Another big blow to PR’s influence came from the social media platforms it operated on. Facebook changed its news feed algorithm to downgrade brand content, so that brands would have to pay ad dollars to get their posts seen. Almost overnight, PR departments saw the followings they had worked so hard to build become essentially useless, as Facebook displayed less than 1% of the brand’s posts to its page followers. Over at LinkedIn, its very successful Influencer program convinced executives everywhere that they needed to write “thought leadership” and PR was the natural team to help them do that. However, once LinkedIn opened up its blogging platform to all its users, everyone became an “influencer” and the value of having an executive who blogs wasn’t what it used to be.
Ultimately, the only real way to play in social media anymore is either through advertising, driving direct sales or providing customer service. That doesn’t mean that there isn’t any value in the traditional brand health/brand awareness metrics that PR can deliver on. But in order to stay relevant in the digital customer experience, here’s how PR can contribute:
Along with journalists, PR pros are natural players in the content field. They’re skilled at telling stories, crafting messages and communicating on a personal level. If PR can rebrand itself internally as the best producers (or advisers) on content for more than just marketing, it can regain its former authority on content. To do that, it has to take the lead in crafting a content strategy for the entire organization, and empowering other departments to produce content on their own, while following a central set of guidelines.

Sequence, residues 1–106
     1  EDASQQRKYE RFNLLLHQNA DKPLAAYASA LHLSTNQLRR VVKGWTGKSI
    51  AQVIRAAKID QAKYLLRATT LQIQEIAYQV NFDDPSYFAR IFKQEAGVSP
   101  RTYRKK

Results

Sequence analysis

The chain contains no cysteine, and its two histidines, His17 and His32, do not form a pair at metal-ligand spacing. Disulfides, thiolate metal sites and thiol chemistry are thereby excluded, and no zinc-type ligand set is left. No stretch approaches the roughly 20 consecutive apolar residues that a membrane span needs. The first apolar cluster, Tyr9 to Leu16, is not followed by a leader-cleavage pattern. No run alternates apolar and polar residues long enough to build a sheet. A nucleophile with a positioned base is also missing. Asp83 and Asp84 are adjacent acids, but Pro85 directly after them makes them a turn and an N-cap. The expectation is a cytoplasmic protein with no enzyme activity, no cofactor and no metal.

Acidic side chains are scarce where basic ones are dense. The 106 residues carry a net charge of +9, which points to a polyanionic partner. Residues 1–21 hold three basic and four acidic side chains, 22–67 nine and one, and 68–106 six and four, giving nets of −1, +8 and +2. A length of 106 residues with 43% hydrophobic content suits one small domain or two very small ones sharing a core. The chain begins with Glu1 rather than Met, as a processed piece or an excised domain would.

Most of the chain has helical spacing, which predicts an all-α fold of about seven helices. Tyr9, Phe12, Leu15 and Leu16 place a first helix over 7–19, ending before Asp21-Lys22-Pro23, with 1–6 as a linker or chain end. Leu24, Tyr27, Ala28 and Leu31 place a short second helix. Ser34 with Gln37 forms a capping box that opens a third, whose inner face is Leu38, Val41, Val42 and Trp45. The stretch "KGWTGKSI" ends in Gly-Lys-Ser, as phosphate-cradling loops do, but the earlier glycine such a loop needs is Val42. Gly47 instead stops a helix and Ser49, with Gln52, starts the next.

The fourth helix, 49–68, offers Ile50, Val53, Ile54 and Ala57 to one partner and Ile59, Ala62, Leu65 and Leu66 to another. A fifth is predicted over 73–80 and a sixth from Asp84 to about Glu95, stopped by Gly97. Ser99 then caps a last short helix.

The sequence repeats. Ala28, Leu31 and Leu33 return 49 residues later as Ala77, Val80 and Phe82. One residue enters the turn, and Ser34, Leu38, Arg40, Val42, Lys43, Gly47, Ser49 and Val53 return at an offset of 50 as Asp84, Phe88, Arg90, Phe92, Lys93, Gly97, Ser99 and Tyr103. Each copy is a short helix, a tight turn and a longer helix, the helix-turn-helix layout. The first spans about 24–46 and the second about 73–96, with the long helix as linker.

Feed the Data
PR can buy its way back to the digital table by contributing data that’s relevant to the customer experience. To do that, comms departments need to invest in ways to track actionable customer engagement data that goes beyond simple sentiment analysts. What content formats get the most engagement? What brand messages resonate the most? Through what media do customer discover the brand? The more data PR can contribute to an actual customer journey, the more likely it is to stay relevant, not to mention get a bigger piece of the digital budget. This requires a serious investment in the right intelligence software, tools that go far beyond listening and publishing. More importantly, it means hiring people with skills to make sense of customer behavioral data.
Go Big or Go Home
When it comes to agencies, the best strategy is to either be big enough to devise, implement and scale social media and content strategies, or be small and focused purely on media relations. The big agencies like Omnicom and Publicis have the resources to offer a full scale of digital content solutions, including advertising, data analysis and web/mobile experience management. Smaller guys can excel at the core media relations function. But occupying the middle ground doesn’t pay off, because these companies either cost too much to just do media relations, or don’t have the resources, tools or people who can scale a digital content strategy.